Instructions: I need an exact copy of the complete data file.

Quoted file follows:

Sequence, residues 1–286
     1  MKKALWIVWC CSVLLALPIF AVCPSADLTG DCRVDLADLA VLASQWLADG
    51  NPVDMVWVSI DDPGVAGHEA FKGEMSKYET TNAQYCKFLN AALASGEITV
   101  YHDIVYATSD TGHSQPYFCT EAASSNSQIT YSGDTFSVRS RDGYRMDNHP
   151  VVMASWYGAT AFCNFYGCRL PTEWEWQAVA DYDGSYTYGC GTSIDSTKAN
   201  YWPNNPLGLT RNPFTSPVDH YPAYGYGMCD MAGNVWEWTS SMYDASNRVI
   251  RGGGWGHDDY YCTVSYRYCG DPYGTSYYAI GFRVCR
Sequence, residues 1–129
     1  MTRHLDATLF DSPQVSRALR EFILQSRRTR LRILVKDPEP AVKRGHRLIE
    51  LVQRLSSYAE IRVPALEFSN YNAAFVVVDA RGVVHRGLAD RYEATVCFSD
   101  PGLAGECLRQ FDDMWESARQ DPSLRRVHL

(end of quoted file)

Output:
Sequence, residues 1–286
     1  MKKALWIVWC CSVLLALPIF AVCPSADLTG DCRVDLADLA VLASQWLADG
    51  NPVDMVWVSI DDPGVAGHEA FKGEMSKYET TNAQYCKFLN AALASGEITV
   101  YHDIVYATSD TGHSQPYFCT EAASSNSQIT YSGDTFSVRS RDGYRMDNHP
   151  VVMASWYGAT AFCNFYGCRL PTEWEWQAVA DYDGSYTYGC GTSIDSTKAN
   201  YWPNNPLGLT RNPFTSPVDH YPAYGYGMCD MAGNVWEWTS SMYDASNRVI
   251  RGGGWGHDDY YCTVSYRYCG DPYGTSYYAI GFRVCR
Sequence, residues 1–129
     1  MTRHLDATLF DSPQVSRALR EFILQSRRTR LRILVKDPEP AVKRGHRLIE
    51  LVQRLSSYAE IRVPALEFSN YNAAFVVVDA RGVVHRGLAD RYEATVCFSD
   101  PGLAGECLRQ FDDMWESARQ DPSLRRVHL